We’ve been the hunters, we’re now the hunted: Alec Stewart on Surrey

We’ve been the hunters, we’re now the hunted: Alec Stewart on Surrey

Surrey were County Championship winners in 2019 (Picture courtesy of YouTube, with thanks)

Surrey director of cricket Alec Stewart is targeting even higher standards this season as his side look to retain their Specsavers County Championship title.

The county dominated red-ball cricket last year with ten victories and only one defeat — to Essex, in the season’s final match — as the Championship trophy returned to The Oval for the first time since 2002.

But Essex are armed with Alastair Cook’s runs while Nottinghamshire, as well as signing four England starlets at the end of last season, have brought back James Pattinson and have Stuart Broad available until mid-July. Both sides are sure to be threats to Surrey’s defence.

“The term I’ve used previously: we’ve been the hunters, we’re now the hunted,” Stewart said at the club’s annual media day. “Everyone will be trying to catch us up and, therefore through hard work and trying to improve, we want to try and keep that gap.

“The message we’ve given the boys is that if we’re as good as last year then that’s okay, but we’ve got to be better than last year. We’ve got to make sure that we are minimum of the levels of last year but we’re looking to improve.”

Surrey relied heavily on their development system in winning the Championship. Several squad members have come through the youth set-up and many — including the likes of Ollie Pope, Sam Curran, Amar Virdi and Ryan Patel — played together at age group level.

The progress at an individual level made under Michael Di Venuto, the head coach, since his appointment in 2016 has been staggering. Six of England’s last 11 Test debutants have been Surrey players — only Mark Stoneman and Ben Foakes did not come through the academy.

“I think we’ve got some excellent senior players, some excellent role models,” Di Venuto explained. “My thing is that every time you turn up and walk through those gates, you’re here to improve and you’re here to get better, and those senior players are no different.

“The youngsters come in there full of confidence and they’re just showing what they can do. There haven’t been too many ups and downs for them at the moment.

That’ll certainly come in time as they play more and more cricket, because that’s just the nature of the game, but at the moment they’re just going from strength to strength.”

One of those downs came for Foakes during the winter. An unused member of England’s Ashes drubbing last year, he made a century on Test debut in Sri Lanka in November, becoming only the second English wicketkeeper to do so. He was later named player of the series.

But he was dropped ahead of the third and final Test in the Caribbean, with the selectors favouring a recall for Keaton Jennings and moving Joe Denly to three to move Jonny Bairstow back to seven.

Stewart has previously described Foakes as the best wicketkeeper in the world, a claim he continues to boast, but the former England gloveman is insistent that Foakes is good enough to play Test cricket as a specialist batsman.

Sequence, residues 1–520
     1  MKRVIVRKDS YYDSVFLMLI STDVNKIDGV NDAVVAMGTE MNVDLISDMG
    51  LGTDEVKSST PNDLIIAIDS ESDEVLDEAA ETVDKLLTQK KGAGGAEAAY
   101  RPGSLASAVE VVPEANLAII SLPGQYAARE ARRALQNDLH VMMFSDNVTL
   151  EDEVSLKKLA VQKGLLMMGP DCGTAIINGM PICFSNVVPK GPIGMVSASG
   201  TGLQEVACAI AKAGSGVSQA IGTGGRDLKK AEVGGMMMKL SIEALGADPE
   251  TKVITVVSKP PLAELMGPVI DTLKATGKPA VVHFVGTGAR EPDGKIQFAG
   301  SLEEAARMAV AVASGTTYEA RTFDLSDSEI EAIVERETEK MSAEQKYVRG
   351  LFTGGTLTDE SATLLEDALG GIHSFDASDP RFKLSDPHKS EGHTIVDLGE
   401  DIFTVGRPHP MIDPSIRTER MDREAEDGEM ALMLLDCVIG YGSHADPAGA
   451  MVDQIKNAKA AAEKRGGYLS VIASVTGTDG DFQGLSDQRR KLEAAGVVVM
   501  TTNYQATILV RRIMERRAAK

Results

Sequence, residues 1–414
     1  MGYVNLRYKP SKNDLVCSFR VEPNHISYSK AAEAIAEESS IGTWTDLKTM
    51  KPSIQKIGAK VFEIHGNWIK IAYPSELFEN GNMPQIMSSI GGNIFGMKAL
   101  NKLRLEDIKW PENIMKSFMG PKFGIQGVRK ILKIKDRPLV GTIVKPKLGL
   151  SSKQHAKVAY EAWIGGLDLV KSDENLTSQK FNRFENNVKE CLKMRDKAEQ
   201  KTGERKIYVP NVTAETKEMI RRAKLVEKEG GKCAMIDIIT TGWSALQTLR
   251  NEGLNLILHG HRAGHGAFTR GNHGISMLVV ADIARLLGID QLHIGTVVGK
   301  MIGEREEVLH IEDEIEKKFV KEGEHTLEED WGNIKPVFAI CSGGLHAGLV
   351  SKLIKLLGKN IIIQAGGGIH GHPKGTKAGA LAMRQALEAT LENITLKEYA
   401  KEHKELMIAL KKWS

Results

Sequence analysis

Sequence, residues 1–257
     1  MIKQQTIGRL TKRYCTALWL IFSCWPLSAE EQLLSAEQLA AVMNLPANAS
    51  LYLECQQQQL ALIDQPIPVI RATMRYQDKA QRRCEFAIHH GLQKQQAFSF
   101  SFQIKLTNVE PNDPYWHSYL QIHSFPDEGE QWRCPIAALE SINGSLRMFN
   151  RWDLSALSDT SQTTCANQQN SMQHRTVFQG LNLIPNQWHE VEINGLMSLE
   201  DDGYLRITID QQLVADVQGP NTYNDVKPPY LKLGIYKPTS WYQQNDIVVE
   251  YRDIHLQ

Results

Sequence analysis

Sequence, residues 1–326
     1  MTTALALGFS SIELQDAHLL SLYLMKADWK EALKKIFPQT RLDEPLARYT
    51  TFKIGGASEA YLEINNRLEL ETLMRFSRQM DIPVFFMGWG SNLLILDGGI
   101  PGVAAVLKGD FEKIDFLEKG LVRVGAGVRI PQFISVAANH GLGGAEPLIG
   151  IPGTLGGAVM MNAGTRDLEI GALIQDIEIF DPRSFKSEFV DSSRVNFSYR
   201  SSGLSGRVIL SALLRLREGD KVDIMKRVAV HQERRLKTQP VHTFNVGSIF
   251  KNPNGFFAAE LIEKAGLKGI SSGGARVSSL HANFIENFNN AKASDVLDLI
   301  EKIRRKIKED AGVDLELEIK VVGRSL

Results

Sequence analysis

“All we’ve said to him is if Bairstow has a loss of form or is injured, ‘make sure [you are] the next person in but if there’s batting slots up for grabs, make sure you’re also in the mix for that.’ He could easily have batted three in that last Test match.

“Most people are sympathetic towards Foakes because he did nothing wrong, but Bairstow is worth his place in the side and he’s shown that for a number of years now. It just seemed a strange decision.

“All I’ve said to him is he’s good enough to play as a batsman as well. Don’t worry about that. We’ve seen that, so don’t just think about him as the best keeper in the world.

On the domestic front, Surrey are well-placed. They are the second most successful Championship club historically and have a very good chance of going through a dominant period. Only in 1914 and 1971 did one of their Championship titles stand alone, retaining it ten times in three different eras.

“I guess if you look back at the history of Surrey, when they win a Championship they tend to win a few so certainly for us going into this season our aims are no different,” Di Venuto said. “We want to compete in all three competitions and be up there at the end of all those competitions.”

The white-ball competitions have been something of a struggle since the club won the CB40 title in 2011. They have been runners-up in the Royal London One-Day Cup three times and have made Finals Day only twice. But with such enviable depth in their squad, Surrey are expecting to compete on all fronts.

“Our white ball cricket has been the same for a few years where we tend to stutter through the group stages and then, come to the last game, we need other teams to do us a favour in order to qualify,” Di Venuto added. “We certainly need to start those competitions better so we’re not in that position.”


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